Our labour courts still frequently hear cases in which employers have prematurely retired employees. In the main, this has to do with employers either retiring employees prior to the correct normal retirement date, or imposing a retirement age when none otherwise exists.
This emphasises the importance of employers ensuring that they have a prescribed, normal retirement age. Provision for a company prescribed normal retirement age is most often found in the contract of employment, which confirms, for example, that an employee will retire when he, or she, reaches the age of sixty-five.
Section 187(2)(b) of the Labour Relations Act confirms that “a dismissal based on age is fair if the employee has reached the normal or agreed retirement age for persons employed in that capacity”.
This must be contrasted with section 187(1)(f) which provides that “a dismissal is automatically unfair if the reason for the dismissal is that the employer unfairly discriminated against an employee, directly or indirectly, on any arbitrary ground, including, but not limited to …. age”.
However, many employers do not make confirm their applicable normal retirement age anywhere what so ever. It’s not confirmed in any contracts of employment, and there is no policy on the company retirement age. If this is so, clues need to be sought on what the applicable retirement age is. From time to time, the clue can be found in the rules of a benefit fund, such as a pension or provident fund. This was the case is the recent Labour Court matter in NTM obo Israel Mothapo v Interwaste (Pty) Ltd [Case number J791/16] in a judgment passed on 13 November 2019.
In this case, the employer had retired the employee two and a half months after he had reached the age of sixty. He was the offered a 12-month fixed-term contract of employment. The employee objected to this, claiming that this was a “forced retirement”, as his benefit statement confirmed his normal retirement date was recorded as being 30 June 2020, when he would turn sixty-five.
The employer replied that the “retirement age is 60 as per the normal practice in our business… While the benefit statement makes provision for retired at 65, it does not (and cannot) enforce the company to retire its employees at that age – it is a company prerogative”. The employer’s representative argued that the employer’s reliance was placed on the norm as opposed to an agreement.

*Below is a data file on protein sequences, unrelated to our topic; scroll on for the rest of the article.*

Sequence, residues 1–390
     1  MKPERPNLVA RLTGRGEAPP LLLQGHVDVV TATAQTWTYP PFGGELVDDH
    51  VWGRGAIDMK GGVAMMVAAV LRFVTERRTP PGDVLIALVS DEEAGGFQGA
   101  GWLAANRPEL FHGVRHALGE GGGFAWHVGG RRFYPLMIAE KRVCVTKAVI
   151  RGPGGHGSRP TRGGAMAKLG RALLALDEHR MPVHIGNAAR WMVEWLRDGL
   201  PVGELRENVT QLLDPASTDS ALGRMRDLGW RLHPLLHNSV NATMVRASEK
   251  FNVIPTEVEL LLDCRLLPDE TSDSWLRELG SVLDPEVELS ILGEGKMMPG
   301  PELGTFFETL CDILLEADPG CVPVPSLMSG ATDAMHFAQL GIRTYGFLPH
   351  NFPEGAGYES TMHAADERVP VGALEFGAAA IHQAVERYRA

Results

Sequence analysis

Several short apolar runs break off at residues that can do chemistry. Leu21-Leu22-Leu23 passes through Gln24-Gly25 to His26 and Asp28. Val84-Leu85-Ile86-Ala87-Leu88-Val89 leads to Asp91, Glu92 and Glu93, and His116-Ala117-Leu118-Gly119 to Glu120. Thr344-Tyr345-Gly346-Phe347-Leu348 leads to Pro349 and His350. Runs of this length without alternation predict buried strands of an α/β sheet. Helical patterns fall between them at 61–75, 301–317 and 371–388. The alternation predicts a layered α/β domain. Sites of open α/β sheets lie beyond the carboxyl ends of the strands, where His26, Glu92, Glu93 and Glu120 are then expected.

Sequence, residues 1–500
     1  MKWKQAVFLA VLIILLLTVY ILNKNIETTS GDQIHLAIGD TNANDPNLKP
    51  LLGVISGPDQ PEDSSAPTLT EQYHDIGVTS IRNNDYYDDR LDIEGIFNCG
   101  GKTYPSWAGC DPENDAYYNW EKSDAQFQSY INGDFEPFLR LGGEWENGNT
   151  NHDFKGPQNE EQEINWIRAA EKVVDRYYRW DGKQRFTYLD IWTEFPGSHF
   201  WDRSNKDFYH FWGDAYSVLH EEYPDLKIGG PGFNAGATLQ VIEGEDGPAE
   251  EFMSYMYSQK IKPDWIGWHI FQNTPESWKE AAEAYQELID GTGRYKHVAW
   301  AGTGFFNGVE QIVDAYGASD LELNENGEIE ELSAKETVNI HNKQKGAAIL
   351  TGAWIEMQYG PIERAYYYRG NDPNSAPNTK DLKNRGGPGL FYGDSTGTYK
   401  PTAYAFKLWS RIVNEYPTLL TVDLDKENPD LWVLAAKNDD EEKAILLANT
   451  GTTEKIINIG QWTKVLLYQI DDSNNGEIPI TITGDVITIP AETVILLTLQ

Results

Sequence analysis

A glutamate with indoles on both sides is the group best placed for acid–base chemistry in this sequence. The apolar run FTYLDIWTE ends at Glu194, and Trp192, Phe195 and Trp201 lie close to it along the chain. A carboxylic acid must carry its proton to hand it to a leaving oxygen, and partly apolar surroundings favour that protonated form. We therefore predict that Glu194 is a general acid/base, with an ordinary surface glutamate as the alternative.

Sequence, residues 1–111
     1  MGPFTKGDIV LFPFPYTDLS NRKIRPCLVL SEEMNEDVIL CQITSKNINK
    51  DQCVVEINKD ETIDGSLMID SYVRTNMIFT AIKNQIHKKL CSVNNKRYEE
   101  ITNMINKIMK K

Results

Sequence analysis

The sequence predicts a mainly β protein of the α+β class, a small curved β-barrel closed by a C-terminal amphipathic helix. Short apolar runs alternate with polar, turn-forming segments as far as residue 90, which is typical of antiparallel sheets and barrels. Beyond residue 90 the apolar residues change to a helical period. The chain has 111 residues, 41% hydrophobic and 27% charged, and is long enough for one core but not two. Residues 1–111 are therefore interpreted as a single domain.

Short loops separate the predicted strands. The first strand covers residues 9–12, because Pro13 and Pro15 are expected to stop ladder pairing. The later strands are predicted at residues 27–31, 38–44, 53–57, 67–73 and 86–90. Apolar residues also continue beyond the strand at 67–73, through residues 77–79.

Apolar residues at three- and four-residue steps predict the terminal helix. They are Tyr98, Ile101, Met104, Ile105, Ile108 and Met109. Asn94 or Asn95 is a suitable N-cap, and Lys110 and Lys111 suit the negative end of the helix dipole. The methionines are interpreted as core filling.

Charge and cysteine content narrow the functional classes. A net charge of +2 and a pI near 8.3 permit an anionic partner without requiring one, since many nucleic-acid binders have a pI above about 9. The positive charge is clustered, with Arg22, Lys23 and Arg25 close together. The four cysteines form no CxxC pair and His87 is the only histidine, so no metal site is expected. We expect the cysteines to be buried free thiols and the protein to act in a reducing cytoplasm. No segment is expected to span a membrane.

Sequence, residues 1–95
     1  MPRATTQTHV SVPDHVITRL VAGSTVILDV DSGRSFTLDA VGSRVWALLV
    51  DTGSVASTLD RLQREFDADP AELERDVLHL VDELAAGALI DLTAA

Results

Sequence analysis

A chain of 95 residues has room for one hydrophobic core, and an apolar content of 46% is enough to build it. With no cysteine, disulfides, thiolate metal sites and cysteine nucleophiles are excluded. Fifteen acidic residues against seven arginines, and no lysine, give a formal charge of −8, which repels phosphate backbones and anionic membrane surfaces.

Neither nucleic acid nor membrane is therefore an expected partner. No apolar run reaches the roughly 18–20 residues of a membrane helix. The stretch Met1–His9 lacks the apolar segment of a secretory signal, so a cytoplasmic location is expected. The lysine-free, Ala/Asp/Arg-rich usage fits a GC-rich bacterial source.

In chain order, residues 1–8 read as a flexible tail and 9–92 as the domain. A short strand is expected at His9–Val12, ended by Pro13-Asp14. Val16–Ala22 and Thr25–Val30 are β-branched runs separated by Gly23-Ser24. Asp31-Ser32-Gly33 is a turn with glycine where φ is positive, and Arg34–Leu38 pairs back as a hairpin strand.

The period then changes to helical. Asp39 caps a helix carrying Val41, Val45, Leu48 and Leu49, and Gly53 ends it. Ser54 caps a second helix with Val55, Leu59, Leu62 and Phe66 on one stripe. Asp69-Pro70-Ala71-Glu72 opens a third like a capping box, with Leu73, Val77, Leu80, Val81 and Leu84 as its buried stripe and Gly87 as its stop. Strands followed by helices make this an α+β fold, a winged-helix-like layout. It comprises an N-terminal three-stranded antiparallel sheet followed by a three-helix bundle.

The Labour Court was underwhelmed by this argument, holding that “As pointed out, the respondent relies on the norm and not an agreement. The LAC in Rubin Sportswear v SACTWU and Others4 made it clear that an employer may not just wake up and say a particular age is a norm. The Court specifically stated the following: “A retirement age that is not an agreed retirement age becomes a normal retirement age when employees have been retiring at that age over a certain long period – so long that it can be said that the norm for employees in that workplace or for employees in a particular category is to retire at a particular age. An example would be where, without any formal agreement, employees in a particular category have over 20 years been retiring at a particular age without fail. The period must be sufficiently long and the number of the employees in the particular category who have retired at that age must be sufficiently large to justify that it is a norm for employees in that category to retire at that age. If the period is not sufficiently long but the number is large, it might still be that a norm has not been established. And if the period is very long but the number of employees in the particular category who have retired at that age is not large enough, it might be difficult to prove that a norm has been established.”
The judgment went on to bluntly note that “It is apparent to me that this defence of 60 years being a norm is nothing but an afterthought”.
In this case, it was ultimately held in the judgment that “Accordingly, this Court is not satisfied that the respondent succeeded in showing that 60 years is a normal retirement age. On the probabilities, account taken of the benefit statement, the agreed retirement age between the applicant and the respondent is age 65. It being common cause that the applicant had not reached the agreed age at the time of termination, his dismissal is automatically unfair”.
The employee was awarded twenty-four months’ remuneration in compensation.